of his days in the woods and hills round the cottage,
generally bringing back something nice to cook for
One evening he came home earlier than usual, carry-
ing in his wallet a pigeon which he had just shot. The
woman took it out, and after she had plucked it, hung
it on a nail so that it might be handy to put into the pot
at the proper moment. Then she went next door to have
a chat with her neighbour and thought no more about the
pigeon till it was getting near the dinner hour.
Unluckily, when she left the house, the woman had
never noticed the cat, who was curled up under a chair,
pretending to be sound asleep, and on his part he was
very careful not to stir or to remind her that he was
there. But as soon as she was safely out of the wey the
cat stepped briskly from his hiding-place, sprung at the
pigeon which was hanging from the nail, and bringing it
to the ground, ate it all up. When nothing of it was left
but a few bits of bones, he got up and arched his back
with satisfaction, and vanished through the door which
the woman had left open.
Scarcely had the cat disappeared when in she came,
and walked over to the place where the pigeon should
2 HOW A BOY BECAME A LAMB
have been hanging. The empty nail and the scattered
bones told their own tale, and the woman shivered with
fright lest her husband, angry at the loss of his dinner ,
should give her a beating.
' What am I to do ? ' she cried, ' the larder is empty ! '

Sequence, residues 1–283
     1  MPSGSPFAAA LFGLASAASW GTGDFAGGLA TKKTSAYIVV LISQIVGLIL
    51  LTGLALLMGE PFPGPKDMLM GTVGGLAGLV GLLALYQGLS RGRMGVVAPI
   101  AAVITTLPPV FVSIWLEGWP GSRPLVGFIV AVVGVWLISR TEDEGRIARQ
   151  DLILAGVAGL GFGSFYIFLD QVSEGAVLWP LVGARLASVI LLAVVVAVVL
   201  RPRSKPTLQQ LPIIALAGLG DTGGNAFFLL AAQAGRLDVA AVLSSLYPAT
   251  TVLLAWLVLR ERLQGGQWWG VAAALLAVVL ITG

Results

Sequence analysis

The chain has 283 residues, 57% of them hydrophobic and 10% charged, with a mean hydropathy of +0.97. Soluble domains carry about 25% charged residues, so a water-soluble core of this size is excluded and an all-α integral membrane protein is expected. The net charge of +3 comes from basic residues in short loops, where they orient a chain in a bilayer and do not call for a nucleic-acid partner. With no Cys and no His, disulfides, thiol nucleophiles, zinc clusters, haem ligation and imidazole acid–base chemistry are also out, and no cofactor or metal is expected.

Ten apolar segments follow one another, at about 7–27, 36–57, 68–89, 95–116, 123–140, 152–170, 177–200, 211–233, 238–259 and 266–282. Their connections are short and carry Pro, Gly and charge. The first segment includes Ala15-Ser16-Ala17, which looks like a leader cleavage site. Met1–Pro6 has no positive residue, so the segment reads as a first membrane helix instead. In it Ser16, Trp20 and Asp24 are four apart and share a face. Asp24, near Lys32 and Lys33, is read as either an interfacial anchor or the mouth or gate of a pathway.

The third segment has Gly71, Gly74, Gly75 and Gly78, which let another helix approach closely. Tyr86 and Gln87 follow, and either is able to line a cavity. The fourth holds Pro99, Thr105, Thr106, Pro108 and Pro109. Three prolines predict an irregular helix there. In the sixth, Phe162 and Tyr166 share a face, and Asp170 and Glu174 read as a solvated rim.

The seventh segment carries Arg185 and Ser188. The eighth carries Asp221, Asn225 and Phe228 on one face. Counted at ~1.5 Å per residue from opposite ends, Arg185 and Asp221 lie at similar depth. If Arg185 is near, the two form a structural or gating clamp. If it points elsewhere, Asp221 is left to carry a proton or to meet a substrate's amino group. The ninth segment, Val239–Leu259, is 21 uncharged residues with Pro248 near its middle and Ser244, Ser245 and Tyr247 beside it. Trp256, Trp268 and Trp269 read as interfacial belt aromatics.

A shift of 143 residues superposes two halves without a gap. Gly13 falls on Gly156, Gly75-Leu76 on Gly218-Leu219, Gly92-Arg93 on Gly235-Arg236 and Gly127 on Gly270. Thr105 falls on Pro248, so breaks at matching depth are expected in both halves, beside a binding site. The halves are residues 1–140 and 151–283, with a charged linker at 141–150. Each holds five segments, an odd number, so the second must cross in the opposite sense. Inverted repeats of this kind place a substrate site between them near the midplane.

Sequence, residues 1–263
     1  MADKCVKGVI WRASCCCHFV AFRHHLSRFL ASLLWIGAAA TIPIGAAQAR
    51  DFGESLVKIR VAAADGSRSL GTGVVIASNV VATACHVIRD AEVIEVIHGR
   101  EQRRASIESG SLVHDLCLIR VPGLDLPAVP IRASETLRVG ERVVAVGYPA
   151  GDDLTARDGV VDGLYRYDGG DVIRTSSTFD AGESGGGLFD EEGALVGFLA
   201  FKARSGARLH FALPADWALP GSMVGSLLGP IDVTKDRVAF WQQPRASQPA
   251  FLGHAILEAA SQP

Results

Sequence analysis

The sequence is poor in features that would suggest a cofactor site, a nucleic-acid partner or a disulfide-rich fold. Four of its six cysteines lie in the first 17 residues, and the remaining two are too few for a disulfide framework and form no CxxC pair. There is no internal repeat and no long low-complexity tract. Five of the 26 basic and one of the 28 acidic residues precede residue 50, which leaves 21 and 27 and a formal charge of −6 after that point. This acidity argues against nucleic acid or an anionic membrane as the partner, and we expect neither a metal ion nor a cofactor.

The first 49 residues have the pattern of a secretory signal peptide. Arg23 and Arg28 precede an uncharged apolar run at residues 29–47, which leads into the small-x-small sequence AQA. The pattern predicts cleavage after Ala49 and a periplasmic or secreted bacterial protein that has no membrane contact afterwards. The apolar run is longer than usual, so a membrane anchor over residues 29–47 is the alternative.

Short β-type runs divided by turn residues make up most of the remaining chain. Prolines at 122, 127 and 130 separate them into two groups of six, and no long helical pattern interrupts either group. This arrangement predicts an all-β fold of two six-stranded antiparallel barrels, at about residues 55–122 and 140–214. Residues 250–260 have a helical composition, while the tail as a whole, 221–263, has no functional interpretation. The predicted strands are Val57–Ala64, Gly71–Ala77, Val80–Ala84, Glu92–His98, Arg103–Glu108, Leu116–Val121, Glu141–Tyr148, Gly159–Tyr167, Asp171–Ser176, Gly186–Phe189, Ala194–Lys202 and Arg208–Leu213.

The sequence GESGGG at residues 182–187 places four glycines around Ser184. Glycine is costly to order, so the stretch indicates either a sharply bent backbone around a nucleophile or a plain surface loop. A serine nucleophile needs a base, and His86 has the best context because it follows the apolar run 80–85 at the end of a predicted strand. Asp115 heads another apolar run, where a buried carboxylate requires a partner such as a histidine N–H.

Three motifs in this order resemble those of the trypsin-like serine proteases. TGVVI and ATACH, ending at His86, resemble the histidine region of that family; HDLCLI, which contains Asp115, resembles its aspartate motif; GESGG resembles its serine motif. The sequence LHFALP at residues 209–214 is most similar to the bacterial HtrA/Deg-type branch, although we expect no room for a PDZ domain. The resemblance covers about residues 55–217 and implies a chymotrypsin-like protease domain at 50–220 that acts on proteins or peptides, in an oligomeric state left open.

and in despair she cut off part of the calf of her leg and
threw it into the pot.
' Is dinner ready ? ' asked the man, when by-and-by
he returned from a nap in the sun.
; Yes, here it is ' said the wife, and the man sat down,
' That was very good ! What was it ? ' inquired the
husband when he had finished, and his wife told him
all that had happened.
' Well, now we can eat the children,' said he ; ' they
will make us a fine dinner to-morrow,' and away he went,
leaving the poor woman half dead with fear and sorrow.
She dared not disobey him, she knew, if he told her to
kill them, for she was terribly afraid of her husband, and
if she did not do it he w T ould ; and in her despair the
poor woman dragged herself wearily upstairs and threw
herself on her bed.
Happily for the children, who were already fast
asleep, the dog, who was stretched out in front of the
fire with his ears cocked, had overheard the conversa-
tion, and as soon as all was still in the cottage he crept
to the corner where the brother and sister lay, and put
his cold nose against their cheeks.
' Get up ! get up ! and run away as fast as you can,
or your mother will kill you,' he whispered ; but the
children sleepily pushed his nose away, and turned over
on their other sides.
c Get up ! get up ! there is no time to lose/ repeated
the dog, and taking a curl of the little girl's hair between
his teeth, he began to draw her gently out of bed.
' You must be quick,' he said again, when he had
explained their danger. * Wake your brother, and go
HOW A BOY BECAME A LAMB 3
with him into the forest, and above all make no noise.'
The girl did as she was bid, and in another instant the
boy stood on the floor beside her.
' What shall we take with us ? ' asked he.
* What shall we take ? I'm sure I don't know,
Asterinos. Yet, stay ! We will take a knife, a comb,
and a handful of salt. And the dog too, of course ! ' So
putting the knife and comb in the pockets of their two